So tell me, how has this project help you grow as a director? What’s it like being in charge of a project and managing other people?
Trinity: This project was bigger than all the other projects. I’ve made little stop motion films with friends using the iSight on the computer, but this one used real props, real cameras. It is much better quality and we’ve spent a lot more time at at and it’s being shot in an actual studio. We’re planning to enter it in film festivals and put it online. So it’s just bigger than anything I’ve done.
As far as managing, well, we don’t have many people working on the film. Besides my dad there’s my great uncle and grandpa. My dad and I do most of the animated work, and we also have one other animation guy who is doing the background sheep. I pretty much told him what to do and he did it.
Barry: We basically spent a lot of time finding people who would put up with us.
In many ways this project is co-directed by you and your Dad. What has that been like? Has it been challenging making sure the visions are aligned?
Trinity: We have limited amount of camera angles, so there isn’t much decision there. We decide on which camera angle would be best and worked together to figure out the placements. My Dad helped a lot with the lights. But otherwise it was pretty straightforward as to which lens we should be using. I guess I was in charge of placement of sheets.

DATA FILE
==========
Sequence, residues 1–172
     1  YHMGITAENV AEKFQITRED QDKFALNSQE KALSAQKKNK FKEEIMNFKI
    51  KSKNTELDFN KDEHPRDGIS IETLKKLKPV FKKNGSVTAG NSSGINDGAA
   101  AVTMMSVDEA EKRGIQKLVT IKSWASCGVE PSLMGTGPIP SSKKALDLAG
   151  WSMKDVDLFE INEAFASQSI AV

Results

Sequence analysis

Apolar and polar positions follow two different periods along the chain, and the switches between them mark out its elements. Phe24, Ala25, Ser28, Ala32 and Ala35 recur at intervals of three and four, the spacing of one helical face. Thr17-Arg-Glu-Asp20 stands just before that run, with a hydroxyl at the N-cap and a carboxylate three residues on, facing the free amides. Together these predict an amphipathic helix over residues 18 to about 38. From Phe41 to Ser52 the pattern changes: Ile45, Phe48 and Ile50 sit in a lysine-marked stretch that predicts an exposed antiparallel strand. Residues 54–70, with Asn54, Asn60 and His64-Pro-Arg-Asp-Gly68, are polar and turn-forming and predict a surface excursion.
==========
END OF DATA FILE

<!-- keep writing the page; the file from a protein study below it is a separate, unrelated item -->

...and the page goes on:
Barry: Trinity wanted to be lead animator. We spent some time talking through the story and came up with some rough storyboards. We figured out what the scenarios would be. Once we had the story down, we agreed on things. It wasn’t a major Hollywood production — there were some limitations and once things fell into place and we put on the lens we got dialed it in.
In the beginning I was tech guy at computer, making sure we weren’t going to fast to slow and Trinity was in charge of bringing the sheep to life on the screen. But once she got over her intimidation of the technology, she had no problem assuming that role, too!
Artists and creatives often get asked “who or what are your influences?” Influences can be other artists or directors, it can be books or a series of books, movies or a series of movies. Who or what are your influences?